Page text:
Choices on the Path
These next few months, I would like to share some articles I wrote several years ago about following the path of a Witch. These were part of an online course entitled: A Year and A Day on the Wiccan Path and covered all of the basics. I am diving in with a subject that was posted near the end of the course, but is often one of the first questions I am asked about community and where “I belong”…
Solitary vs. Coven Life
Choosing to remain a solitary practitioner or joining a coven is a very personal matter. Both offer benefits and detriments. Even if you consider yourself to be a solitary practitioner, there will be celebrations and stages in your development that will generate a desire to share, commune and connect. Those who choose to join a coven will also have specific points in their path and or rituals that they may wish to celebrate or practice in private.
Many Witches choose to walk a Solitary path. In former years this could be a very lonely, albeit a fulfilling one. We are fortunate to be on the Path at this particular time as there are many festivals and open events that both solitary and coven members can attend. Meet-up Groups that have a pagan flavor are in abundance throughout the United States. There are also many opportunities to take classes, workshops and attend conferences as many covens offer open rituals, workshop series and other events that allow solitary witches to interact and learn.
For some, group work and the structure needed to have things run smoothly is too restricting and limiting. For others, jobs, lifestyles or family obligations prevent the individual from attending coven functions (there is usually a minimum requirement of events throughout the year that a coven member should be expected to attend, unless there are emergencies), and this creates stress for both the coven and the member. If ritual at 2am is all you can easily fit into your schedule, most covens will not be accommodating to that. Solitary witches often have a very creative bend. Because everything they do ritually or spell wise is generally self-generated and created, they become quite adept at improvising.
Coven (Group Work)
Depending on the coven and Tradition you are interested in joining there will generally be a specific length of time and protocol specified to facilitate the dedication process. For instance, within our coven we require at minimum a six-month “getting to know you” period where the prospective dedicant (newly dedicated member) attends open events and interacts with the other members of the coven.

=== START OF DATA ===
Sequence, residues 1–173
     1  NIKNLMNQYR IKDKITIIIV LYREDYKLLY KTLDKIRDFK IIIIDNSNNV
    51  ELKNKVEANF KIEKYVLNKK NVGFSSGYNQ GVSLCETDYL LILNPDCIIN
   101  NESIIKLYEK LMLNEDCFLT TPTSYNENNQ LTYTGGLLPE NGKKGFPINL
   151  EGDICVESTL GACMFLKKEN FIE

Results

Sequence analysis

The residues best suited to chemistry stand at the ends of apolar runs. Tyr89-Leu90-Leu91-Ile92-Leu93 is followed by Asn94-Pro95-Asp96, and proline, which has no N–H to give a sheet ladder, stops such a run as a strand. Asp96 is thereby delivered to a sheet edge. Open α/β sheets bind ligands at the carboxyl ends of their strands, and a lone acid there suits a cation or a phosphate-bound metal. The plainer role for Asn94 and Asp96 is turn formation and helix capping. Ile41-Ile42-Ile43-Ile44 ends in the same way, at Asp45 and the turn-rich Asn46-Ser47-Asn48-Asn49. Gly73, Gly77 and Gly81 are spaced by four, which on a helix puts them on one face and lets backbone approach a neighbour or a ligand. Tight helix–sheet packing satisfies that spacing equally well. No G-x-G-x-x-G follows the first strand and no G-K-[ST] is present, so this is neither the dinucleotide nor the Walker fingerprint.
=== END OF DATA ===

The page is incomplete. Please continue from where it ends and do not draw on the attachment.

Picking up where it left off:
The coven you select to petition for membership should offer a stable and fair structure with resources to further and enhance your personal growth. Working within the coven should feel like a spiritual family and these should be people that you trust to see you at your best and your worst. The energetic connection that you weave with this group of people will strengthen and build as you continue to work together. It is a very intimate process that requires respect between all of membership. The High Priest and Priestess of the coven should be people who live by example those teachings that they have been entrusted to pass along. There should be a comfortable exchange between leadership (HP and HPs) and membership such that any discord, or misunderstandings can be discussed and resolved in an ethical, intelligent and mature manner.
There should be encouragement of all members within the group to excel and progress in their magickal studies. And, although healthy and constructive criticism are great motivators there should never be an ill-intended push or encouragement towards unhealthy competition for recognition, roles or initiations among members.
It has been my experience, that frequently the people who are meant to become members of our group, find their way to us, either through a synchronistic moment. They happen to be in the right place at the right time, find our website and decide to come to an open event or become interested through a friend who is already a member. Don’t be afraid to be selective. Take the time that you need to make an informed decision and never allow yourself to be pressured into joining a group. If a group is that desperate for new members, there are most likely other areas in which they will exert or force their will on the existing members- the number one “no-no” in wiccan philosophy.
The bottom line is that if the group is a viable and healthy one, they will want to take their time in getting to know more about the potential members who come knocking on their door, and if the fit is right there is no need to hurry matters, neither your nor their interest in having you join them will diminish or lessen. If it does, perhaps it was not the place for you after all. The commitment to a group should be entered with the thought that this will be a place of working and growing for several years. There is no short track to magickal mastery and those who frequently leave and join groups, as well as covens who have a fast moving revolving door usually do not stand the test of time and longevity.
It doesn’t really matter whether you choose to join a coven or remain a solitary practitioner. The important thing is that you continue your practice. That you seek out the resources you are guided to when and where you are led. And, when the time is right, you gather with like-minded individuals as one in celebration of the Wiccan Path.
Ethics of the Craft
For More Info:
The Sorceress by John Waterhouse
About the Author:
Robin Fennelly is a Wiccan High Priestess, teacher, poet and author.
She is the author of (click on book titles for more information):
It’s Written in the Stars
The Inner Chamber, Vol. Two
The Inner Chamber, Vol. Three
The Eternal Cord
A Collection of Esoteric Writings
Aligning the Parts of SELF
Musings on the Magick of the Natural World
Nights of Devotion
Musings for the Year
Follow Robin on Instagram & Facebook.